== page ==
“The Current Record and the Pre-Filed Testimony do not present any indication that Icebreaker has identified a specific technology that it proposes to use for pre- or postconstruction radar monitoring for birds and bats, or for post-construction collision detection for birds and bats, much less that Icebreaker has performed any validation testing of any such proposed technologies and presented the testing results to the Board. As a result, there is no basis for the Board to make findings and determinations as to the probable environmental impact of the Project on birds and bats as required by R.C. 4906.1 0(A)(2), or that the Project represents the minimum adverse environmental impact to birds and bats as required by R.C. 4906.1 0(A)(3). “

 

At the same time, we learn the US  Fish and Wildlife Service has announced that it is considering Endangered Species Act protections for the lake sturgeon.  This should also support opposition to building wind turbines in Lake Erie. 

 

We also attach today a copy of a lengthy article entitled Inconvenient Energy Realities. It is a “must read” for all wind and solar warriors as well as government officials.   “Regardless of one’s opinion about whether, or why, an energy “transformation” is called for, the physics and economics of energy combined with scale realities make it clear that there is no possibility of anything resembling a radically “new energy economy” in the foreseeable future. Bill Gates has said that when it comes to understanding energy realities “we need to bring math to the problem.Inconvenient Energy Realities

 

 

 

 

 

 

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Ohio gets ‘messy’ when ‘clean energy’ (BigWind) plays ‘dirty’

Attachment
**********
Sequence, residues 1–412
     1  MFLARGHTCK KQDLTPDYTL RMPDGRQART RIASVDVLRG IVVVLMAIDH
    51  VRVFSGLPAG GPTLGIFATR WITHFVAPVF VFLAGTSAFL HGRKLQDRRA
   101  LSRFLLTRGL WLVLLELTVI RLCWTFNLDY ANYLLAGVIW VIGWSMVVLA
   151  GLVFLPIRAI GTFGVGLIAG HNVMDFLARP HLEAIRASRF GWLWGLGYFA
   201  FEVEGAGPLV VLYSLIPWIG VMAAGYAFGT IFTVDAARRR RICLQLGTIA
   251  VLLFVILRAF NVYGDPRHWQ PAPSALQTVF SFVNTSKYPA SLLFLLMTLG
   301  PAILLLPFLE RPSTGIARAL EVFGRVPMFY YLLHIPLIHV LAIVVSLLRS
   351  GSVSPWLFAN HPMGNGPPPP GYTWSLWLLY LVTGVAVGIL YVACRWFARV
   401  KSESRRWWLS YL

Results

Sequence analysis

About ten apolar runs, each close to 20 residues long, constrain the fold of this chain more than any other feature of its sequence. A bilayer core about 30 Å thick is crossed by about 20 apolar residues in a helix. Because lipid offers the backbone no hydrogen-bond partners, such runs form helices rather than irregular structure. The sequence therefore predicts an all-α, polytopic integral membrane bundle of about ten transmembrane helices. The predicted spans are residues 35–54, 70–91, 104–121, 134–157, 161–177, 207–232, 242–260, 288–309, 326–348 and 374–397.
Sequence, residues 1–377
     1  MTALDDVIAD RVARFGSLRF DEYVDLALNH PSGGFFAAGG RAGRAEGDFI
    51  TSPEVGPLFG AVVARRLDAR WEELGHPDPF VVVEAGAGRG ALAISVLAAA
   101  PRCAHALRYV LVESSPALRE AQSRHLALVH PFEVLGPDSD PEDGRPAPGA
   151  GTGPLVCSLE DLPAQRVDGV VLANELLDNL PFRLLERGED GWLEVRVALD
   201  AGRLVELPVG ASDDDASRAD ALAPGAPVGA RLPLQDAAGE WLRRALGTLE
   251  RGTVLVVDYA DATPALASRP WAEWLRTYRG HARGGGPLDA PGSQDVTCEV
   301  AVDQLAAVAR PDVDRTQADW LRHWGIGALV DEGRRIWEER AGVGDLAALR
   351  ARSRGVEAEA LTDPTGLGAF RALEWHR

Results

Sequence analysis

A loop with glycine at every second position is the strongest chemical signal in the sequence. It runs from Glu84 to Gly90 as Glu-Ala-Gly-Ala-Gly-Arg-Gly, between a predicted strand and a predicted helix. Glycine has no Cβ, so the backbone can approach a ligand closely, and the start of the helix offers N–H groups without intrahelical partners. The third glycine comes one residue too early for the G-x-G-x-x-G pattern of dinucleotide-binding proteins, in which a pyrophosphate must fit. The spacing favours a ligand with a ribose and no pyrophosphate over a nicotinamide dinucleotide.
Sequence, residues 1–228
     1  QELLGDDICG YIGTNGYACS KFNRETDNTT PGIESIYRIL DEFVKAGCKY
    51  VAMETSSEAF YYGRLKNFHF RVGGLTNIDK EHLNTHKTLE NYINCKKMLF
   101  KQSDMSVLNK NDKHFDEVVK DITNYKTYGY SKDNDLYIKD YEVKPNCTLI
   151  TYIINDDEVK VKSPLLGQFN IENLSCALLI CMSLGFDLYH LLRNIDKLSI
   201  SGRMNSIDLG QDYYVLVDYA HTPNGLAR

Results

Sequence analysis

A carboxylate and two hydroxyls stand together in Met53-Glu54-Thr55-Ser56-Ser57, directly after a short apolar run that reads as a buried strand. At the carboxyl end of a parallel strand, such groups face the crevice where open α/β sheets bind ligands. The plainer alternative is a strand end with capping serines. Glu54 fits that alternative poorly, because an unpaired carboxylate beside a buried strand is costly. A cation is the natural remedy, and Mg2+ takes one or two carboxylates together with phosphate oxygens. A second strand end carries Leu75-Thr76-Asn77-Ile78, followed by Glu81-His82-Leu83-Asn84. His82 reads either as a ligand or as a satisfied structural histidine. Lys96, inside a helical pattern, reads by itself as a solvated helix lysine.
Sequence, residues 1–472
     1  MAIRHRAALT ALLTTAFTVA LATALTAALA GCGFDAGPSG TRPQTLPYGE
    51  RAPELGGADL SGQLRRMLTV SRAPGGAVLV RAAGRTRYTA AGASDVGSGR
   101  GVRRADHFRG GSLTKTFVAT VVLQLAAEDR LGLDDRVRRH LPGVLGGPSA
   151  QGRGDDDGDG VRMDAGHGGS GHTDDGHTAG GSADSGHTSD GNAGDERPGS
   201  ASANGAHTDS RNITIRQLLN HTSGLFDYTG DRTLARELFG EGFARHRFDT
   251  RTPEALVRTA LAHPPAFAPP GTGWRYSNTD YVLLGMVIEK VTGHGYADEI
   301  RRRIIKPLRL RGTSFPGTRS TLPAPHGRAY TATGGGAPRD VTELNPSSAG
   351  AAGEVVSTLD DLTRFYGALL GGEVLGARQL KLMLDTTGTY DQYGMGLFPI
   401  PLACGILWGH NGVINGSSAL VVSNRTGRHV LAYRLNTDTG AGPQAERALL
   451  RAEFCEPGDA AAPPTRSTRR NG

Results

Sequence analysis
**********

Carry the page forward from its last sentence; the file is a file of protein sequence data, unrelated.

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Thank you to the Toledo Blade, for covering ‘the rest of the story’. It is rumored that BigWind is steaming mad about this article and they are using muscle to get it retracted. Would you please take a moment to send the news site a thank you? Getting the truth out can be very hard….

We are led to believe that the fictional Madge and Gladys types could be sitting at the regionally-famous local café here, discussing Seneca County politics.

They fawn all over two county commissioners who are supporting the wind turbine project that would spread more than 80 towers across the farmland to the east, with a potentially devastating impact on bats, bald eagles, migratory birds, and the rural landscape. The duo chatter on about the wind business bringing “millions in new revenue to our county” and being a boon to schools, roads, and construction jobs.

Then the sludge barrel is opened, and the spin machine is set to turbo. Commissioner Mike Kerschner, a Republican who opposes the current arrangement with wind energy companies, then gets blasted by the pair of apron-wearing, county fair pie-baking mavens. “I guess Kerschner is against good jobs, better schools, and lower taxes,” they conclude in the radio spot. Giggles follow.

This is clean energy playing dirty.

I don’t know Mike Kerschner, but I’ll assume he likes good jobs, better schools, lower taxes, puppies, rainbows, and occasionally helping an elderly woman cross the street. His mortal sin is pulling back the curtain on a big wind project and asking just what the Wizard of Oz is doing back there.

The radio ads, which saturated the air waves in recent weeks, are the product of a Columbus-based entity with the seemingly innocuous name Economic Prosperity Project. Follow the dusty, purposely circuitous trail further, and you’ll find a Florida-based outfit named Strategic Image Management was paid $20,600 to concoct the radio ads. On its website, one Strategic Image Management employee brags about successful efforts “where TEA Party candidates were used to syphon Republican votes in swing districts to help Democrats retain or flip seats.”